Scotland’s much-lauded access rights exist for all to enjoy, with the Land Reform (Scotland) Act 2003 enshrining in law the right of access to most land and inland water throughout Scotland.
However, problems can arise when individuals abuse these rights. At a time of reduced staffing on reserves, and with more people spending time in Scotland’s countryside, understanding the legal rights and responsibilities around access is vital for all.
Scotland’s longstanding ‘right to roam’ includes a right to cross land and to be on land for recreational purposes – for instance, sightseeing, walking and wildlife watching – as well as for educational purposes, such as furthering an understanding of an area’s natural or cultural heritage.
There are exceptions, however, with land such as school playing fields and farmland on which crops are sown or growing excluded from these rights.
Crucially, access rights are granted on the understanding that people exercise these rights in a responsible manner. An individual is considered to be acting responsibly where they:
- do not interfere unreasonably with the rights of other people; and
- act lawfully and reasonably and take account of the interests of others and of the features of the land.
Respecting people’s privacy and peace of mind, and taking care of the environment, are just some examples of this.
Where a member of the public exercises their access rights irresponsibly, they are no longer entitled to these rights. In other words, they are trespassing. A number of statutes make trespass a criminal offence in particular circumstances, yet trespass on the whole is a civil wrong.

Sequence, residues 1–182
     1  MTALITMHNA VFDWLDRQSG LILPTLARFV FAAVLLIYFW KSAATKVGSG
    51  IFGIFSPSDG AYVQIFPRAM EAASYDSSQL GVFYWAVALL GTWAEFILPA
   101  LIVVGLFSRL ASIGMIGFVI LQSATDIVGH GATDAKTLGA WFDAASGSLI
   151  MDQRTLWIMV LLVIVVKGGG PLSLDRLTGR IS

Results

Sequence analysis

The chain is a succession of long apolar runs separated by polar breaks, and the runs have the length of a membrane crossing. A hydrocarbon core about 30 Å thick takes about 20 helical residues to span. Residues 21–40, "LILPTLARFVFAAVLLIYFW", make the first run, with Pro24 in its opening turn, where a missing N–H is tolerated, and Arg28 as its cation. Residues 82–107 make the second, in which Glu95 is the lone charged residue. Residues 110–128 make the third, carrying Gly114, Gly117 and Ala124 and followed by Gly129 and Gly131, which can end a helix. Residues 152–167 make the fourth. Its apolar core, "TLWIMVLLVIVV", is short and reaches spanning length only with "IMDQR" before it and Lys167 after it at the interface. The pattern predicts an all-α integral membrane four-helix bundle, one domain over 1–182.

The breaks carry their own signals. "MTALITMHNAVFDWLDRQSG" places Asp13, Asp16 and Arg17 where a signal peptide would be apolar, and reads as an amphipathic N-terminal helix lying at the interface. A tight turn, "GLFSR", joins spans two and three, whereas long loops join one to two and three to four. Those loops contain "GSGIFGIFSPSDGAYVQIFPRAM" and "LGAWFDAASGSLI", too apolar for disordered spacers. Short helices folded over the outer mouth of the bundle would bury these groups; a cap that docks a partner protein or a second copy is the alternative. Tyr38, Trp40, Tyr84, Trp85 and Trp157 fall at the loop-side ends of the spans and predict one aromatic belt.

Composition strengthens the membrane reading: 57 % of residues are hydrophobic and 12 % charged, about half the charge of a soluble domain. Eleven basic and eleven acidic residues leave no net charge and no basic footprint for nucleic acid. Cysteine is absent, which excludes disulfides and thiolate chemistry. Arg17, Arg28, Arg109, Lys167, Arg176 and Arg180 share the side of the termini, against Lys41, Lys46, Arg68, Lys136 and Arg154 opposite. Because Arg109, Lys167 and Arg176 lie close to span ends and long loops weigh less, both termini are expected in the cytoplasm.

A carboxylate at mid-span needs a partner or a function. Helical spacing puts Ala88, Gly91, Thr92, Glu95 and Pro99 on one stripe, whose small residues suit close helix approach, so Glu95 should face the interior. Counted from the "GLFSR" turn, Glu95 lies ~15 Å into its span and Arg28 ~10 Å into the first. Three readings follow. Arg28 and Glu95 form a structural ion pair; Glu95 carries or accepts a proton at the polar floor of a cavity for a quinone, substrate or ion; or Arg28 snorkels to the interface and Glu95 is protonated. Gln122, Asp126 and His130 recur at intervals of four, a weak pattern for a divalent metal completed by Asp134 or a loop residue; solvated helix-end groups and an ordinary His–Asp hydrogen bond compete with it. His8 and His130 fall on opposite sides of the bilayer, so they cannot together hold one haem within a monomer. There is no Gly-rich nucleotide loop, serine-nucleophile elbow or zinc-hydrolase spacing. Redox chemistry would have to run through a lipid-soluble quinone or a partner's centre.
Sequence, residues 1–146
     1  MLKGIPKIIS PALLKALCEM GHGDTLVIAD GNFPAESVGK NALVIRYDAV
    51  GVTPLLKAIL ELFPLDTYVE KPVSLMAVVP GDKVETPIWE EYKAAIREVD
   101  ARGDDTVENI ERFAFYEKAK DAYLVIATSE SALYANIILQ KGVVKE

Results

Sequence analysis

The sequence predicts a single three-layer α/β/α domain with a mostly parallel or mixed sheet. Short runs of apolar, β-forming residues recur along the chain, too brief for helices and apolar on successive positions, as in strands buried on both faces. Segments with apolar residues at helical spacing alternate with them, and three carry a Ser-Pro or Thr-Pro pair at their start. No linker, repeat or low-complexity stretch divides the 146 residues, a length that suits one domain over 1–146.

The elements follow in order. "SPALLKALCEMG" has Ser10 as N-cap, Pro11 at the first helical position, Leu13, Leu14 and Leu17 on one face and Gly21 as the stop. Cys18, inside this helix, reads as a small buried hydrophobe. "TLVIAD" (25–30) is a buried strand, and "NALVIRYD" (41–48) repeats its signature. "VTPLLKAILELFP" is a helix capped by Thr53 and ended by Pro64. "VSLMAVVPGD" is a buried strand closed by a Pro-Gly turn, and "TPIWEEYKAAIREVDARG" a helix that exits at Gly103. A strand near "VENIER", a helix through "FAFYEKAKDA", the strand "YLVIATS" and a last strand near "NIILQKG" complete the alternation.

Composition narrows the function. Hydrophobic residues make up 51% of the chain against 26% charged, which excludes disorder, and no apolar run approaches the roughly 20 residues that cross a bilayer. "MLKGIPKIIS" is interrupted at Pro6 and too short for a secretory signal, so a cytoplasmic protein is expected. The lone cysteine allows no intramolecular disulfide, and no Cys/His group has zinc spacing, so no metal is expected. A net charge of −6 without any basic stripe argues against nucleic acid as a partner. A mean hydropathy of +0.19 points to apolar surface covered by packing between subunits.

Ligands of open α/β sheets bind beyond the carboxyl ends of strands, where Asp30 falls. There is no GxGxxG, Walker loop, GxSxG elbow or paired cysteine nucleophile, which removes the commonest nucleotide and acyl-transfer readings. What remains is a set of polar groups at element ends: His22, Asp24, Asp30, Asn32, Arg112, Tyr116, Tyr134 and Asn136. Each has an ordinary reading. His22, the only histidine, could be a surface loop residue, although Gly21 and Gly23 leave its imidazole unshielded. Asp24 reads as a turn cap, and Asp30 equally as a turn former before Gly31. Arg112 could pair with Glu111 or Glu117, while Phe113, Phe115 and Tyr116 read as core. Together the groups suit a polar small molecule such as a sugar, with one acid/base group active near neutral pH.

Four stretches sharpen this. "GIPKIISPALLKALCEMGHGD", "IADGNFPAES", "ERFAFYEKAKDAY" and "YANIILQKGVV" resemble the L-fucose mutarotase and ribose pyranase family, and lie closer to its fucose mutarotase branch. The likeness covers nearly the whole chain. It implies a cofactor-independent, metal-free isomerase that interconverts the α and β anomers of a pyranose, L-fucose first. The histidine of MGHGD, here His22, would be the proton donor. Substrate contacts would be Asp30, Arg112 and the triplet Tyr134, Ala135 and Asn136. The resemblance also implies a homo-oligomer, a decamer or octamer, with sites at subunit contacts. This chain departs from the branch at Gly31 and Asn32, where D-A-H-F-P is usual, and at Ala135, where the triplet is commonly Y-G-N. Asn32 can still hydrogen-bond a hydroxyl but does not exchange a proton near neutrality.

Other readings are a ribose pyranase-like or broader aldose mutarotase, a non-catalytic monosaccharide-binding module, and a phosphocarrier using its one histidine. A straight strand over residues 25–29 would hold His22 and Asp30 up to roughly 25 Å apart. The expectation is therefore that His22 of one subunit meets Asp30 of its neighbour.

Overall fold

In such cases, the landowner should first ask the trespassing party to modify their behaviour; failing this, they can ask them to leave. Should the trespasser refuse, confrontation or use of force is to be avoided. The police can be contacted for assistance if difficulties arise.
Persistent or serious breaches of access rights may have to be dealt with by the courts, who can determine whether or not access rights have been exercised responsibly. A court may grant an interdict (or a court order) to prevent trespassers from entering the land. For this, the identity of the trespassers must be known, and the court must be satisfied that there is a reasonable likelihood of trespass in the future.
A landowner may also seek redress for damages from the court on the basis that trespassers who cause damage are liable to pay the costs of repairing that damage.
Where any court order is obtained and later breached, this may then turn into a criminal matter. Of course, any activity which amounts to an offence, a breach of interdict, or other order of a court is also excluded from access rights.
Where a person is acting illegally, the police can pursue criminal charges against them. The Environmental Protection Act 1990, for example, makes the disposal of waste without the necessary permit - or fly tipping - a criminal offence.
Charges may also be brought following examples of recurring antisocial behaviour and damage to property. Landowners may wish to approach their local authority for assistance with investigating offenders, and with passing on information to the relevant authorities.
Overall, any activities that amount to a breach of a person’s access rights, or indeed criminal activity, should be reported to the police. If the breach is persistent and/or property is damaged, advice should be sought as to what redress is possible through the courts.